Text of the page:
On the other hand, you might tell yourself that you have an opportunity to improve. You might feel grateful for the experience and for the person who is helping you become the leader you are created to be. The conclusions you draw will influence how you feel and how you respond. 

You run into trouble when you treat your thoughts as facts without checking the truth of your facts. Your thoughts influence how you feel and how you act. So do not turn pressure into stress. Start telling yourself a different story that is based on truth. Keep yourself mentally alert. You are responsible for your own well-being.

Your effectiveness as a leader depends upon it. 

Spiritual Health

Finally, let’s look at spiritual health. Being spiritually healthy is essential for effective and courageous leadership. When you are spiritually healthy, you are deepening your understanding of meaning and purpose, you feel more connected to God, and to the people around you. You have more clarity when it comes to making everyday decisions, and your actions become more consistent with your beliefs and values. 

So, develop a pattern of spiritual practice. On a daily basis, at the same time each day, read scripture for the purpose of transformation. Reflect upon what you are reading. What is it saying to you? How does it inform your living and your relationships? Then respond by putting into action what you have read. At the end of the day, return to the scripture. How did you experience the scripture throughout the day? With whom did you interact? For whom or what are you grateful? A pattern of spiritual practice will make a difference in who you are and how you lead.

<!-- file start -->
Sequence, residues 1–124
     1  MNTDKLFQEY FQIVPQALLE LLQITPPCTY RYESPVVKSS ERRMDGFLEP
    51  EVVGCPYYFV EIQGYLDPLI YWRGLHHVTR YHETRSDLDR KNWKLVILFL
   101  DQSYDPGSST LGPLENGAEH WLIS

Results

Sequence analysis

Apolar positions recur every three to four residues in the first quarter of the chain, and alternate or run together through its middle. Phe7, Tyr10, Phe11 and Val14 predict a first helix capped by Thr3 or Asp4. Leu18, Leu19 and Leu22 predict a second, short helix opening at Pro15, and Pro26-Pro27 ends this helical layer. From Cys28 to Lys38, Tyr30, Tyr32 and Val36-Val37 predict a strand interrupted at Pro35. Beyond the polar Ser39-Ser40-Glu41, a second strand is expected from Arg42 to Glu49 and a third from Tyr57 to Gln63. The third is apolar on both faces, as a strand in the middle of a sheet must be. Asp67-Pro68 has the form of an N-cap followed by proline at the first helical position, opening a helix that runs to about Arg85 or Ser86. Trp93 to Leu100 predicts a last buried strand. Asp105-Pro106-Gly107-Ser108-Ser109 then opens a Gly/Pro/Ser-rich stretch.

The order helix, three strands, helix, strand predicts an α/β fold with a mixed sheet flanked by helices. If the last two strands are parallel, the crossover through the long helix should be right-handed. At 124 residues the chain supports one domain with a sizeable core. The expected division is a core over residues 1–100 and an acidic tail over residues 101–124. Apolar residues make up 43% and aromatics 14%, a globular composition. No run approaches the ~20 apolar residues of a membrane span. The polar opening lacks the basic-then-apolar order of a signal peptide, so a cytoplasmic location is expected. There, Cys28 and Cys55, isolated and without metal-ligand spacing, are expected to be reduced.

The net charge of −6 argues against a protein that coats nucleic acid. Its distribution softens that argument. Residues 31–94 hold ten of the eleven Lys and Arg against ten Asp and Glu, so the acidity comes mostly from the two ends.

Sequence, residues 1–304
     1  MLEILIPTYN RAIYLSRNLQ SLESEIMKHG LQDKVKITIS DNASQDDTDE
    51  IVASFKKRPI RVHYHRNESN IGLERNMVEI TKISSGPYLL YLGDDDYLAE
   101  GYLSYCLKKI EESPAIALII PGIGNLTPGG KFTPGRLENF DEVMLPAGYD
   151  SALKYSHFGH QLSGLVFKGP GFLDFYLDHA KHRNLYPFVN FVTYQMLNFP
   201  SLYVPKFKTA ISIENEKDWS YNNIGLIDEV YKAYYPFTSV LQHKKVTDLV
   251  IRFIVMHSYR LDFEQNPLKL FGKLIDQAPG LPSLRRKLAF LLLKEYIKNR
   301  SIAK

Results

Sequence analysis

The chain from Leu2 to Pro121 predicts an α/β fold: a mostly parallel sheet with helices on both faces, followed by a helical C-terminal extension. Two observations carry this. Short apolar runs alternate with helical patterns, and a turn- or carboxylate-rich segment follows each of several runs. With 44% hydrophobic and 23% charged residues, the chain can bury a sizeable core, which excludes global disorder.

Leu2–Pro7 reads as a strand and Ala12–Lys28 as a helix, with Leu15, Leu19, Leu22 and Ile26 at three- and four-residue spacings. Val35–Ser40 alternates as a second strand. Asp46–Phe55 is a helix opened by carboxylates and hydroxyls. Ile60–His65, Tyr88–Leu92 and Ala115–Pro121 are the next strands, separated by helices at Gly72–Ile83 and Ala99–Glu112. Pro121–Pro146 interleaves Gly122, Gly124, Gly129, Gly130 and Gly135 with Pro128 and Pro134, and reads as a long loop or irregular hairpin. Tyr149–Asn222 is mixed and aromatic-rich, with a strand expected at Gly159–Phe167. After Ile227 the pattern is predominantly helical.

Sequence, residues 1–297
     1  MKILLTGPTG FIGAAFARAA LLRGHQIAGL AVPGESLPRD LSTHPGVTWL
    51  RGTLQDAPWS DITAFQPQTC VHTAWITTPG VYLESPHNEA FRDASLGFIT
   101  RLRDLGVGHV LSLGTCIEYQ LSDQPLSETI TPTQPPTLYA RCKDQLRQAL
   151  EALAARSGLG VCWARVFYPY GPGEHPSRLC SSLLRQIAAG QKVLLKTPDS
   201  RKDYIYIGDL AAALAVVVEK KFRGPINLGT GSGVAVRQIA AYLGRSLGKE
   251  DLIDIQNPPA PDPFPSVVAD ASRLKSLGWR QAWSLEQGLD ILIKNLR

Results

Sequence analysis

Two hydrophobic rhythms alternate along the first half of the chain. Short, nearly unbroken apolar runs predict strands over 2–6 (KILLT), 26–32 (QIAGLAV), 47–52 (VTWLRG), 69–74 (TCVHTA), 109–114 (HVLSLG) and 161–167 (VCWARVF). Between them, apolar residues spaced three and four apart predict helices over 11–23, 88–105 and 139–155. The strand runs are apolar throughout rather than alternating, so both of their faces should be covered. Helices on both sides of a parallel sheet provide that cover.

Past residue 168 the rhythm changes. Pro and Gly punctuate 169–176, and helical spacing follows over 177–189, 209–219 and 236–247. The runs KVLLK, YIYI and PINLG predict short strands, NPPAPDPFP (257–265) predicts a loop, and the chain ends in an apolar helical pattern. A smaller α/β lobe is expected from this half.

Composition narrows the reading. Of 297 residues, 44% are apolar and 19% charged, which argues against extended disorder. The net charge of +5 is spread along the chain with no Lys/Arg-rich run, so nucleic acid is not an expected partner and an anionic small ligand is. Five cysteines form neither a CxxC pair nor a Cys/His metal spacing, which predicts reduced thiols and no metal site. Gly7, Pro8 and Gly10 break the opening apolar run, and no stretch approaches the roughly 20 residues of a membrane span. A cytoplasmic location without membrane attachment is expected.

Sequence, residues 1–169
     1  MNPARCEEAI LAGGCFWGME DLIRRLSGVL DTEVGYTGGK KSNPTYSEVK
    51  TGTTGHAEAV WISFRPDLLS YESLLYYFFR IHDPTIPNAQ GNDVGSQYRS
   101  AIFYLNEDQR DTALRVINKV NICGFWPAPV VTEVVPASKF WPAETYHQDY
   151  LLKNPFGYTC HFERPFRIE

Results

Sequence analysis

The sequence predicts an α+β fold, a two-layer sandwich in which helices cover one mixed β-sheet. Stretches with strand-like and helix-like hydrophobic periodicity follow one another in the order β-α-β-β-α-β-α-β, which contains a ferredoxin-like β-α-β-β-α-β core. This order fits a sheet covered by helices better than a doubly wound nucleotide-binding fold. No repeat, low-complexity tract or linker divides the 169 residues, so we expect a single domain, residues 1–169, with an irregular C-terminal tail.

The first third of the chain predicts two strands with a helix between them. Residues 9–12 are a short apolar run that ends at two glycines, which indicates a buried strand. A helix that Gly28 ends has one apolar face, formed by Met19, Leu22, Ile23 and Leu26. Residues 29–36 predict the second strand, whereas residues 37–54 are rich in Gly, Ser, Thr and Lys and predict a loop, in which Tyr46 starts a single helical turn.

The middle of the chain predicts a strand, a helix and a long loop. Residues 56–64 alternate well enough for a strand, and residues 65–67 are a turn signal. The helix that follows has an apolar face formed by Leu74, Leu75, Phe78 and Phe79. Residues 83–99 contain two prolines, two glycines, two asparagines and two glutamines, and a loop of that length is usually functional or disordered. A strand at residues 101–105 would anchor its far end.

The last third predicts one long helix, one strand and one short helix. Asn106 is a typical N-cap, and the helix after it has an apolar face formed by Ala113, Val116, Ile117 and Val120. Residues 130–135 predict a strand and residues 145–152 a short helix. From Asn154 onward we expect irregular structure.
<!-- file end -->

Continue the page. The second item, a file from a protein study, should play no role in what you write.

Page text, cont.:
Develop a pattern of meditation. By periodically stepping away to reflect, you are better able to recognize and acknowledge your deepest potential. You not only become more aware of the choices you are making but aware of how those choices shape who you are and affect the people around you. By intentionally cultivating a sense of self, you are becoming more who you are created to be. 

Your Health as A Leader

Your healthiness as a leader requires care and attention, not only for your physical body but for your mind and spirit as well. The benefits of spiritual well-being are numerous, from being more compassionate in your relationships to living into a deeper sense of inner peace. Being spiritually healthy not only makes you feel better but helps you be better. You are responsible for your own well-being. Your effectiveness as a leader depends upon it. 

Keep in mind that these areas are so interrelated that a lack of attention in one area affects the well-being of the other areas. You might consider yourself healthy spiritually, but if you have not developed healthy eating habits, or suffer from a lack of sleep and rest, you are out of balance. Your emotional and mental well-being is dependent upon your spiritual healthiness as well as your physical healthiness. I am sure you get the point. 

Make Time for You

This week, make time for a self-care health check. What area needs your immediate attention? What will you do to improve your self-care? You are responsible for your own well-being. Your effectiveness as a leader depends upon.